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“Mank” Film Review

“Mank” is directed by David Fincher and stars Gary Oldman, Amanda Seyfried, Lily Collins, Charles Dance, Tom Burke and Arliss Howard. It follows Herman Mankiewicz’s journey while writing the script of “Citizen Kane.”

These thoughts are a result of having seen the film twice. The first viewing failed to grab my interest. The cinematography, production design and costume design are great, but the narrative and its cohesion were the biggest disconnect. So, days later, I rewatched it with subtitles, and it surprisingly engaged me with its story. 

Whenever a cinephile is asked “which is the best/greatest film ever made?” there’s a good possibility their response is “Citizen Kane.” Having seen “Citizen Kane” a few months ago, I understand why it’s one of the most influential movies in history. With several film history courses under my belt, Fincher’s newest project was one of great interest. 

Amanda Seyfried as Marion Davies | Photo credit: Netflix

“Mank” opens with credits from films of the ‘30s and ‘40s Hollywood era accompanied by a typewriter font informing the viewers the time and location of the scene. In fact, the font is constant during the flashbacks. Mank (Gary Oldman) is an alcoholic screenwriter who’s managed to stay relevant in an industry that isn’t necessarily built for men like Mank. Utilizing  the subtitles helped me understand the conversation among the characters, particularly in the scenes where Mank is heavily intoxicated. The narrative is driven by heavy dialogue — the result of an extensively researched script. This aspect of the film was more noticeable during the second viewing, because the captions helped me gather a better understanding of the story, which made the intellectual conversations compelling to watch. 

Taking place in the ‘30s & ‘40s, the film dives into the studio system from that era. In reality, the writing of the script for “Citizen Kane” is only spotlighted in the “present” scenes and not the flashbacks. Heads of studios and important, influential Hollywood people make appearances in the flashbacks scenes. Some I had an idea of their existence, like Louis. B. Meyer, but others went completely over my head.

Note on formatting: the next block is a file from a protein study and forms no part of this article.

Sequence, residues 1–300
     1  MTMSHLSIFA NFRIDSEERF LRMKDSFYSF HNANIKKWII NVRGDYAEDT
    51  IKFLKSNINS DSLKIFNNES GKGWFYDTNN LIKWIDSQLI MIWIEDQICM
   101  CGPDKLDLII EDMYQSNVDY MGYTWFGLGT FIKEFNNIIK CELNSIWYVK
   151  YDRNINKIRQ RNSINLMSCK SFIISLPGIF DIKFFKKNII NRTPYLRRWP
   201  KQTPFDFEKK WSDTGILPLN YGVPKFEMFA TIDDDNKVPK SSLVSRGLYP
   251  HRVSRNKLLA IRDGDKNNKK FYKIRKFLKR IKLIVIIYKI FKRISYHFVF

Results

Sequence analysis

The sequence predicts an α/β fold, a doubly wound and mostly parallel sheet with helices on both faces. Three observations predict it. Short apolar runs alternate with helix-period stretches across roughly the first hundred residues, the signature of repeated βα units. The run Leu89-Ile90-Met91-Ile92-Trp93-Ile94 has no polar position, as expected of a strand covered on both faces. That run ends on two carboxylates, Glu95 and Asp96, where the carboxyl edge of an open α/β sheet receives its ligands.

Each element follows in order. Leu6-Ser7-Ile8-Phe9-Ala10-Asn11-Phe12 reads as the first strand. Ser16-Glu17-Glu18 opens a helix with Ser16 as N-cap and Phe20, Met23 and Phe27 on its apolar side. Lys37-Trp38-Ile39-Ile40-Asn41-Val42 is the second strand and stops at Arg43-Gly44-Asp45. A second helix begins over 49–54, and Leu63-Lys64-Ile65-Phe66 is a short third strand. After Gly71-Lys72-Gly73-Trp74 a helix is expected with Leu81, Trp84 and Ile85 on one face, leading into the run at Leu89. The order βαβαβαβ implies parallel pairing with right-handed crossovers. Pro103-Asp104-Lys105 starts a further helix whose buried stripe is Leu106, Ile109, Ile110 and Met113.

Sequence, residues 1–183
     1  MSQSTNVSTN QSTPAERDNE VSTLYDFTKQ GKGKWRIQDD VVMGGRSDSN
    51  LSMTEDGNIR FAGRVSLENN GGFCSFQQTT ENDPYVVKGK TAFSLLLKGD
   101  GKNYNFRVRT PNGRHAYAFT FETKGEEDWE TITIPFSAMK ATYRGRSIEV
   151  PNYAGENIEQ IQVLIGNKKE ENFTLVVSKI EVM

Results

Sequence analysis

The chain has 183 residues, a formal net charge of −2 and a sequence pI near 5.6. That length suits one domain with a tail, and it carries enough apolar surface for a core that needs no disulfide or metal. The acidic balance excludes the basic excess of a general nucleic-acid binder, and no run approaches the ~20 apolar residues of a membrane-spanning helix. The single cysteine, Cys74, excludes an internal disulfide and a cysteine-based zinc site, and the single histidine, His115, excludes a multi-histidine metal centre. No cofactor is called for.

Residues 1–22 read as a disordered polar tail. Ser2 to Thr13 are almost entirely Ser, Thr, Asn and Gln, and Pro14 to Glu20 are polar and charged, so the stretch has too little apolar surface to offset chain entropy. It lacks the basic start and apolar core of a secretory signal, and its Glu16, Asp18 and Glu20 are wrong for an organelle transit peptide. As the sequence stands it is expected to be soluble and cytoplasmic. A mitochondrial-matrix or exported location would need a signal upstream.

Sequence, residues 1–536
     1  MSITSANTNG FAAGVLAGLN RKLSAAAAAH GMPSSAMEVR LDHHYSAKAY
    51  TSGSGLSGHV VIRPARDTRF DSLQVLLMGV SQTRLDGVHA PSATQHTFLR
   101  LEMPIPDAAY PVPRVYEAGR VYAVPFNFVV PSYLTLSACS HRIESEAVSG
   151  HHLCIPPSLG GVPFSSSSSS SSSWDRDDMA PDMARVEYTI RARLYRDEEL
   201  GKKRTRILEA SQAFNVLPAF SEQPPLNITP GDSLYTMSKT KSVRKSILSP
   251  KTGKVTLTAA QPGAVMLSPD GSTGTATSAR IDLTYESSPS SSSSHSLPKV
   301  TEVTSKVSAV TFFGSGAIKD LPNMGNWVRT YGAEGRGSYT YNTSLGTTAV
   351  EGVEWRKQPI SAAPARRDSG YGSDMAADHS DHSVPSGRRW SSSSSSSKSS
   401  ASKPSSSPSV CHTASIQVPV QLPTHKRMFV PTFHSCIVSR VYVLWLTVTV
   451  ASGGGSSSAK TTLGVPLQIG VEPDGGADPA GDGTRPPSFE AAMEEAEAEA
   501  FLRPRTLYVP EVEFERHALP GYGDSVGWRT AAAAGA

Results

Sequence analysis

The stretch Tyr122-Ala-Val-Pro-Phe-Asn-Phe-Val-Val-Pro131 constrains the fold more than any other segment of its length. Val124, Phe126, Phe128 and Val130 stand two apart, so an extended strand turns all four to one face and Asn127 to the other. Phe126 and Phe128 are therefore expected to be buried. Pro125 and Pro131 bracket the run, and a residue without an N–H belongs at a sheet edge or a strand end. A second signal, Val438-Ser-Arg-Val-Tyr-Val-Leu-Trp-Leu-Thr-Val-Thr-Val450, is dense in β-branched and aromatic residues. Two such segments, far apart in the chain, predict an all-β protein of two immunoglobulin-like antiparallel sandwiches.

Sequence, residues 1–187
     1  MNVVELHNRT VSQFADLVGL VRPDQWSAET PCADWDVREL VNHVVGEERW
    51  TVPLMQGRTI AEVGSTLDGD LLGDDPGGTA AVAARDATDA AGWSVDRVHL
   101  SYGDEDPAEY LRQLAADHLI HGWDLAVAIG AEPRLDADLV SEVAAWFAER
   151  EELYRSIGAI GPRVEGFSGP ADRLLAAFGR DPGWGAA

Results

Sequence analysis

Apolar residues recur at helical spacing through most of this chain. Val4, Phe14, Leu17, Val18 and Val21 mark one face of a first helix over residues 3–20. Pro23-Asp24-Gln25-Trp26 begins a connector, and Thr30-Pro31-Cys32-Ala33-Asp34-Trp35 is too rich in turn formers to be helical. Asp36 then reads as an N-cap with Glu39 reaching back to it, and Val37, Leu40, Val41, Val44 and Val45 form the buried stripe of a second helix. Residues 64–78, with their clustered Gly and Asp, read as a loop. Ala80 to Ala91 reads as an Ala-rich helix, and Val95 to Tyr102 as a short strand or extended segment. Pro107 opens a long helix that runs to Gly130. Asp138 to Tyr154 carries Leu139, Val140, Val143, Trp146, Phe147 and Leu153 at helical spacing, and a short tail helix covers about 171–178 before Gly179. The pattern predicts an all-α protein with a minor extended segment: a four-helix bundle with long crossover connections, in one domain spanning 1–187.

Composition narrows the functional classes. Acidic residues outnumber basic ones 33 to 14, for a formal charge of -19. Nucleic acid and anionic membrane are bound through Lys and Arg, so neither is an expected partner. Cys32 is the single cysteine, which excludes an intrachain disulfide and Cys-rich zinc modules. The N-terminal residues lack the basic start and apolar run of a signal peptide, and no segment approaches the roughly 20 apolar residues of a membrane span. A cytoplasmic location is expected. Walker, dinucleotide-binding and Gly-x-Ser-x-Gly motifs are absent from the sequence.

Fincher’s latest film doesn’t focus on the creation and developments of the script of “Citizen Kane”; instead, it’s a window to this era of Hollywood through the lens of Mank, who happened to be writing the script. I wasn’t expecting this level of political involvement throughout the movie in addition to its influence in producing movies. The sequence where it’s Meyer’s birthday and the guests are all sitting in one room is the pinnacle in terms of debating the world’s political state, including individuals’ political inclinations. Naturally, Hitler becomes the topic of conversation, with everyone criticizing his ideals and his loyal followers, which ironically could be perceived as purposely hinting at the current U.S. administration when, in reality, this script was written years before.  

The acting was great across the board, with Gary Oldman and Amanda Seyfried as highlights. Needless to say, anytime these two were on screen together it was a delight. Lily Collins graciously carried her weight, and I liked the dynamics between her and Oldman. Lastly, Tom Burke as Orson Welles was surprisingly good. The production design and costume design were very well done, easily transporting the audience to 90 years into the past. 

Overall, “Mank”’s superb technical achievement is its strongest suit, followed closely by great performances from Oldman and Seyfried. Its in-depth researched script is bound to give cinephiles a joyful experience. But because it’s aimed at a niche of the movie audience, it’ll suffer to appeal to the rest of the audience.  

What did you think of “Mank?” Let us know in the comments below or on social media on our Twitter and Instagram!

Featured image credit: Netflix

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